Monday, February 28, 2011

A Fine Formosan

A peek at the Mediterranean.

Alex Zorach kindly told me that Tea Forte does sell loose leaf tea, so I trotted right on over and got some black current. Thanks Alex. Much better than all that extra packaging. It is amazing how much less garbage you have if you recycle and compost. One puny bag. A lot better than 3 or 4. And it's really a no-brainer. It's like contributing to the food bank. If you buy one or two extras every week, it is painless to give to those less fortunate. Having worked in several, I can say that the vast majority of folk who come truly need. There are always scammers, but you get to know them.

I have been having such a good run with tea, so many of the ones I am trying are just plain good. Today's is another one from Aura Teas - make sure you get that "s" in there. It is Formosa Alishan Oolong, obviously a cousin of the one I had a few days ago from them. It smells like good green earth in the packet and is very dark for an Oolong, looking as though it were heavily compressed. At 170 degrees for about 2 minutes, it brewed up into a light amber, with a distinct green taste, softened by what seemed to me to be pineapple. Very tasty. The second wash, again for 2 minutes, shifted away from such heavy green to an orchid scent and flavor. Just as good as the first cup, but different. It's always so interesting to see these changes from one lot of tea.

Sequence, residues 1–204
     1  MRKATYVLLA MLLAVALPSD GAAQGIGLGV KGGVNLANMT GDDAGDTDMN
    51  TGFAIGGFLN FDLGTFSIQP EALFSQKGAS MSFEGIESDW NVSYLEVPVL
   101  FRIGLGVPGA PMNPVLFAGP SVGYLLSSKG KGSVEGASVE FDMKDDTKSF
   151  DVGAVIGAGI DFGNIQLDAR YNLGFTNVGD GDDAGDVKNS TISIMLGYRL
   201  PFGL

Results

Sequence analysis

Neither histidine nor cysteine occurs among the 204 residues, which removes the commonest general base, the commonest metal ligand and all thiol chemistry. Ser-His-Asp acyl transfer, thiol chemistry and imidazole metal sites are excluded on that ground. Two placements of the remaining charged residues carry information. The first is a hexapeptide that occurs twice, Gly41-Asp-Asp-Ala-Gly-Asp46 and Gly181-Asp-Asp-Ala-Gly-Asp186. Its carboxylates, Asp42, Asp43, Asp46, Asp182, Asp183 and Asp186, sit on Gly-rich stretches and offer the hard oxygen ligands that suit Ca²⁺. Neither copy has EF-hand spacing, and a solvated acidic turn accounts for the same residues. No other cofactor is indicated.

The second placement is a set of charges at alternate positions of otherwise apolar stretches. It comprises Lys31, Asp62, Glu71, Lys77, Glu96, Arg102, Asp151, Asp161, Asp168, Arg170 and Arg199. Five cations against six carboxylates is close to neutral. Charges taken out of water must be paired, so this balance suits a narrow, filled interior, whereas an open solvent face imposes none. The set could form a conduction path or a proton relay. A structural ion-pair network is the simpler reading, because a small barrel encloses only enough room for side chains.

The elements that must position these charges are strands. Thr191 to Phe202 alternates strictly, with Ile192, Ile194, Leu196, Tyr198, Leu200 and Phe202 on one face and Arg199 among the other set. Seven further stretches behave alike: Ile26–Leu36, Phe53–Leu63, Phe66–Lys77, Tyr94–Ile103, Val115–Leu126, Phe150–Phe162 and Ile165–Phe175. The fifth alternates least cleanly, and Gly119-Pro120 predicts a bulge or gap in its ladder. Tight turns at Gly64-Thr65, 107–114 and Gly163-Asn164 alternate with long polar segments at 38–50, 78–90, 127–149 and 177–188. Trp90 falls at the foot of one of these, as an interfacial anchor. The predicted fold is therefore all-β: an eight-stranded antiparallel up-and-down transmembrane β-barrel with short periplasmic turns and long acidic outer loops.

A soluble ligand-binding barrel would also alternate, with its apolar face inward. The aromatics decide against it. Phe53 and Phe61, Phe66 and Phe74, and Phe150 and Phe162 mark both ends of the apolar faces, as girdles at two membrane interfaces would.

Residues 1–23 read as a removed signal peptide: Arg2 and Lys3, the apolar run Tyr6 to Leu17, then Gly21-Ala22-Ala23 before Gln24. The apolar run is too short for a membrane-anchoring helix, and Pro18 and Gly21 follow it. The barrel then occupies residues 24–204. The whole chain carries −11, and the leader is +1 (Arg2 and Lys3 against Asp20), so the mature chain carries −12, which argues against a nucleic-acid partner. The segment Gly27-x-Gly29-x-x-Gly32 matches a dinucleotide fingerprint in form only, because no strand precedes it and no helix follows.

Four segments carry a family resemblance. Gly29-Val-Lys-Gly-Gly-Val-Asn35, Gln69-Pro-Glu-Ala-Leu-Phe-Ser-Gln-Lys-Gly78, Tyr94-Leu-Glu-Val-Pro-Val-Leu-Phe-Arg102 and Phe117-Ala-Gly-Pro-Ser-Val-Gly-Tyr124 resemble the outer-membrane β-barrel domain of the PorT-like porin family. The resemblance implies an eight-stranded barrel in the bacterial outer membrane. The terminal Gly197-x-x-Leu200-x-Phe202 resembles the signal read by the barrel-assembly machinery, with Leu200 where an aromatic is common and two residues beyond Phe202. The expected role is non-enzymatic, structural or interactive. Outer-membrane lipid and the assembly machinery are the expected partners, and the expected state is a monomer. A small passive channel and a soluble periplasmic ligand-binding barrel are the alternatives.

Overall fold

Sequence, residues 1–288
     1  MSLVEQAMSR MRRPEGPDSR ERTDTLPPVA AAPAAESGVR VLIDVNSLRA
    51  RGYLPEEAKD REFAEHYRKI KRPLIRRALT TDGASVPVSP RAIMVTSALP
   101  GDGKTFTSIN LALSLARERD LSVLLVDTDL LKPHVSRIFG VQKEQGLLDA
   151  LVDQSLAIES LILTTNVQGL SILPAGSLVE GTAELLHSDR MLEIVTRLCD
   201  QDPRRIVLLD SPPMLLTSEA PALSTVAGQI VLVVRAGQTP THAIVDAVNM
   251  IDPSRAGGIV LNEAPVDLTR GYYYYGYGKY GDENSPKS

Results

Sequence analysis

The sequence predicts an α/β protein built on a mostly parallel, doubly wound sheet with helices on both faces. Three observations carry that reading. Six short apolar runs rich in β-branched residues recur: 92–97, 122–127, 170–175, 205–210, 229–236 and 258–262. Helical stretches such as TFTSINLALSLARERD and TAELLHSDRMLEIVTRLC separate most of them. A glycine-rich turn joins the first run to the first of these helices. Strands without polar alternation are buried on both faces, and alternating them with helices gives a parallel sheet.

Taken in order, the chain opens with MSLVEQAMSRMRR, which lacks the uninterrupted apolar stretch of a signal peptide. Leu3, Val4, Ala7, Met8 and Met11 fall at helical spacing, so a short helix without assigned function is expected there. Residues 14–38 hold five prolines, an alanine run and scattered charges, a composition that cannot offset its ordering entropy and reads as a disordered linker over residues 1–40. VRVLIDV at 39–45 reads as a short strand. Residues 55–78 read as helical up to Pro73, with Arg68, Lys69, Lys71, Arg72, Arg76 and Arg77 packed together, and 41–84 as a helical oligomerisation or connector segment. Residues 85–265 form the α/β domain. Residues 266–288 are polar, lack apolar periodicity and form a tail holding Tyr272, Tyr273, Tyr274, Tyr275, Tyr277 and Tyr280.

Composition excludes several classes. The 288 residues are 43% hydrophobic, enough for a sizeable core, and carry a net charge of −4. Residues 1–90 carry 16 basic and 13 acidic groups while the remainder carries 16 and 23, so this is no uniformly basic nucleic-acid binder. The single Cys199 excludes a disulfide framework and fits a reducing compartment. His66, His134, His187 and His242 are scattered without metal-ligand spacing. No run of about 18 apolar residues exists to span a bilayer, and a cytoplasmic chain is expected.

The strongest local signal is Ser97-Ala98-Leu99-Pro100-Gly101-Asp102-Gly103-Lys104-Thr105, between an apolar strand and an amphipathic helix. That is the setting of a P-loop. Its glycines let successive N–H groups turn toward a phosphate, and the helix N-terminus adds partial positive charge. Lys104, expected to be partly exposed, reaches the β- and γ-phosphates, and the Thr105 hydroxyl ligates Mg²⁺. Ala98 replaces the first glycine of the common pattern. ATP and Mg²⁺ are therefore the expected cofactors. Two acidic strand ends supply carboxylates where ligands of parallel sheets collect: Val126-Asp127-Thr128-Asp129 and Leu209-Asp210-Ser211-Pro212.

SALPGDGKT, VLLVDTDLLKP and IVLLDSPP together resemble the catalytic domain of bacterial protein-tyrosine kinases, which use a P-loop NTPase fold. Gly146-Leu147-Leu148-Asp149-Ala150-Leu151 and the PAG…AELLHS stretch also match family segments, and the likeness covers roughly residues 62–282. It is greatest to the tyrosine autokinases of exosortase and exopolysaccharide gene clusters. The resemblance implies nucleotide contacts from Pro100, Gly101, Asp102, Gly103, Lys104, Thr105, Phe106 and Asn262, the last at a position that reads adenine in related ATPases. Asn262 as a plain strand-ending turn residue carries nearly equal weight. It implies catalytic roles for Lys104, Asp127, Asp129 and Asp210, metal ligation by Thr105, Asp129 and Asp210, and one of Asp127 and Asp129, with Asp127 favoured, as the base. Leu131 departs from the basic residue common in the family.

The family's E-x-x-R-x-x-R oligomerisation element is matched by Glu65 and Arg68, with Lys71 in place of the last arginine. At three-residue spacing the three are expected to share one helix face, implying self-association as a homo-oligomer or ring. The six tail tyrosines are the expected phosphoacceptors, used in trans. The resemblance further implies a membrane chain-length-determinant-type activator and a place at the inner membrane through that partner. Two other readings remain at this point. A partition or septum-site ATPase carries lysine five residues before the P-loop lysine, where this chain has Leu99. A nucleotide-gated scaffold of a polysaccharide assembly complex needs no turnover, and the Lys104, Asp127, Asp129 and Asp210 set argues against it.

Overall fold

I have been seeing more and more ads in mainline magazines for tea and articles about how good for you it is. I hope it encourages more people to drink tea, just for the taste and experience of it. I also hope it encourages people to try loose leaf tea and not just tea bags.

1 comment:

Alex Zorach said...

I definitely think that there is a "general" advertising effect, in that when a product or service is advertised, it not only positively impacts the brand or company being advertised, but the general product or service as a whole.

This is one reason why I am strongly opposed to the idea of any sort of healthcare advertising, whether hospitals, doctors offices, or, the one that bothers me the most, prescription drugs...not only does it fuel hypochondria, but it drives up healthcare costs by encouraging more people to use the healthcare system more often.